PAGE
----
Sterile Environments require all the controls of controlled environments and go one step further. Sterile environments must be completely free of bacteria and microorganism. Employers must use PPE that has undergone a sterilization process. This is another case where knowing your PPE manufacturer and distributor can help determine your success in meeting specific regulations.

Such environments are usually required for very specific tasks such as pharmaceutical manufacturing. 


For additional information on Clean vs Sterile Garments, check out Lakeland’s article Clean vs Sterile Manufacturing: Why it Matters for Your Cleanroom Apparel


Why Is PPE So Critical For These Environments?

PPE is key in controlled environments to protect the products, workers, and facilities. 

Per OSHA, protective head, foot, and body coverings are required in a cleanroom to reduce particulate contamination. In cleanroom and sterile environments, about 80 percent of the impurities come from people. This includes skin flaking, microbes, hair, textile fibers, and dust which can cause serious problems.

In addition, employees must wear the required PPE to protect them from the materials and processes used. Protective clothing is the most important PPE for controlled environments. In addition to protective garments there is eye protection, face masks and shields, as well the appropriate gloves made specifically for controlled environments. In some cases respiratory protection may be required – remember that respirator use requires special medical qualification, fit testing, and training.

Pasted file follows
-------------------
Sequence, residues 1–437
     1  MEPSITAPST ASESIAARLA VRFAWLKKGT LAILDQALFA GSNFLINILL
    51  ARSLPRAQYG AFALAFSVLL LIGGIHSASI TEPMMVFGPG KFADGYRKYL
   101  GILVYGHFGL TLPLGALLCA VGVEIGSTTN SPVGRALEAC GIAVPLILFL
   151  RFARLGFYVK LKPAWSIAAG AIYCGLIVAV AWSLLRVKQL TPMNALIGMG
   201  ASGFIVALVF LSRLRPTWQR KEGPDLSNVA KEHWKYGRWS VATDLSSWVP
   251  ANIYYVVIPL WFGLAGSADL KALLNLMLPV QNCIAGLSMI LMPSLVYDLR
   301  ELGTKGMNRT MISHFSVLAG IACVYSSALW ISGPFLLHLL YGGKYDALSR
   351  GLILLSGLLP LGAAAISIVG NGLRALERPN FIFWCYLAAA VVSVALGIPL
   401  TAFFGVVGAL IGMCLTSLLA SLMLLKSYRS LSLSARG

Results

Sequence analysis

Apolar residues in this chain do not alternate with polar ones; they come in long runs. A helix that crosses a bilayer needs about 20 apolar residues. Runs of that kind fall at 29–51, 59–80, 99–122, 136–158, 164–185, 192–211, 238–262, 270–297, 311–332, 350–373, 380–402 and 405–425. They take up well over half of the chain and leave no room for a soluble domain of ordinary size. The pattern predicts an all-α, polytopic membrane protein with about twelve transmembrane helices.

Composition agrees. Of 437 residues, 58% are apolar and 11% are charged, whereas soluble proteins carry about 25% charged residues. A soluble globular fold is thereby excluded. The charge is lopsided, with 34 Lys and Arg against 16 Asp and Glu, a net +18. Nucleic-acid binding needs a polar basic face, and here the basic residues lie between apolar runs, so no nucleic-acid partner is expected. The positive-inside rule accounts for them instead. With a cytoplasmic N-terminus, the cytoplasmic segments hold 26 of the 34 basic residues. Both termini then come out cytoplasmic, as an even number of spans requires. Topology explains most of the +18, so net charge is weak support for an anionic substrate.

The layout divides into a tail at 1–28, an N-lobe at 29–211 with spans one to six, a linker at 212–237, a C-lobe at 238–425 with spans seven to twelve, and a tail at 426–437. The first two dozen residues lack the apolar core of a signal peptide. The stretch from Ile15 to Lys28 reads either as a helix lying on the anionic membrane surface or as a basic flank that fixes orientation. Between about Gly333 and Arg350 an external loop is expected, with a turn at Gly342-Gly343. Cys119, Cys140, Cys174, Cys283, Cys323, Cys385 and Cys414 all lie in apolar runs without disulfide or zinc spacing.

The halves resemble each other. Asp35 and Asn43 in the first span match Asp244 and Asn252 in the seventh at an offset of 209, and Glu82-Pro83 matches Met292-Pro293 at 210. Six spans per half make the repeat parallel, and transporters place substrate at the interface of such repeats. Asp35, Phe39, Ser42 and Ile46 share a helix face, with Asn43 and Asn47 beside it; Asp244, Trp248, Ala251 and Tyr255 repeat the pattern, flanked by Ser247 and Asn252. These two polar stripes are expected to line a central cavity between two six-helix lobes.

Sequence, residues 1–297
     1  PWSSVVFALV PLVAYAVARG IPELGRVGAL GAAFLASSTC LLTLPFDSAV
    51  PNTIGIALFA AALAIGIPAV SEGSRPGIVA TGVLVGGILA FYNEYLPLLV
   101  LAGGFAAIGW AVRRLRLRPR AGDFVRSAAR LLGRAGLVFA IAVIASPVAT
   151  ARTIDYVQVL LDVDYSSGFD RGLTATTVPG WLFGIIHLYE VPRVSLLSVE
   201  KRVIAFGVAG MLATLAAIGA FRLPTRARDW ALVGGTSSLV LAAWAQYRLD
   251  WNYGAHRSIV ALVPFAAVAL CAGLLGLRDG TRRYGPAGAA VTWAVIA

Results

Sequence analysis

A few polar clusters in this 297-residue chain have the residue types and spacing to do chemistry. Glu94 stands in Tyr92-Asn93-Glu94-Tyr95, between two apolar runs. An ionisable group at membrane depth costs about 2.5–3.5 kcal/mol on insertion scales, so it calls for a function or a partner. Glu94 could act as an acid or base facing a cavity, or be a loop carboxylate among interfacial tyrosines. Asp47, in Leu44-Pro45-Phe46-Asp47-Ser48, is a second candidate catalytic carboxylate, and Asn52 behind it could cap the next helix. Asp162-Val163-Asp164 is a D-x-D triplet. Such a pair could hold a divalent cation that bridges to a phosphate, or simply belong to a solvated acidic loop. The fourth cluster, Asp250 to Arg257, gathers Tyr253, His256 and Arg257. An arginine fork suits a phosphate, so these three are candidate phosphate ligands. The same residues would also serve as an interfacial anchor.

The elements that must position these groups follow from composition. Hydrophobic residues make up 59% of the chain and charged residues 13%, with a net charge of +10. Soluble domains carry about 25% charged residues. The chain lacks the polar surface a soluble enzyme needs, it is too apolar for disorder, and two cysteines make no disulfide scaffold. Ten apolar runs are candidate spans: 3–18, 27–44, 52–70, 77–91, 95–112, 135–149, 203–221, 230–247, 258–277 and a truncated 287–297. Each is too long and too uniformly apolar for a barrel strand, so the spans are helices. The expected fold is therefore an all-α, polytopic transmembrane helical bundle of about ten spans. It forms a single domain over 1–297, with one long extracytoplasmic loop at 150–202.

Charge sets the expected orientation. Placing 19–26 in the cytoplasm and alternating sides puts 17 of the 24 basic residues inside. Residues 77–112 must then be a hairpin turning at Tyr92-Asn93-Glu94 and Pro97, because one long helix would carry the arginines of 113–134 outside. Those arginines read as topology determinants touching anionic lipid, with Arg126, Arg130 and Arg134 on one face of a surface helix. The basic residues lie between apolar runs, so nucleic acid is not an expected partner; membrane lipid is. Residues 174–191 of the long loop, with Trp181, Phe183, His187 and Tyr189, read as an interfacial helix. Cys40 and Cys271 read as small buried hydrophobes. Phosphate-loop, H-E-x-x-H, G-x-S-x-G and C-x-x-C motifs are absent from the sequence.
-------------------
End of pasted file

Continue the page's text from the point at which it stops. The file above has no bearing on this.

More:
OSHA standard 29 CFR 1910, more commonly known as the General Industry Standard, outlines a variety of cleanroom requirements and dictates that employers must provide PPE for the eyes, face, head, and extremities. Whether reusable or disposable, these must be used and maintained in sanitary and reliable conditions.

WE’RE PREPARED TO HELP

We understand that cleanroom garment classification alone is complicated:

  • Clean / Sterile
  • Clean / Non-Sterile
  • Non-Clean / Sterile
  • Non-Clean / Non-Sterile

Additionally, there are numerous garment styles, autoclavable options, and packaging choices. All of these PPE garment features are determined by the type of controlled environment your team works in. We’re here to help you find what products are available to fit your needs.  

Check out our Controlled Environment Catalog. We’ve designed the catalog to focus on the type of garment and the coverage needed to help you find products easily. The contents page is shown here.

You can access the Quest Controlled Environment Catalog here.

16 Jul 2021

Ensuring you have the critical supplies needed to keep your operation running smoothly can be a complicated and costly process. Some suppliers can’t guarantee they will have the required quantity you need when you need it. There are ways to ensure you have the supplies you need without investing in additional warehouse space and employees to manage the process. 

With 20+ years of experience working with pharmaceutical and life science companies, Quest Safety Products has built an effective process to meet critical supply needs without the costly overhead. We are currently doing this for a number of Fortune 500 pharmaceutical companies, enabling them to reinvest the money they’d normally spend on warehouse space and additional inventory back into their core business.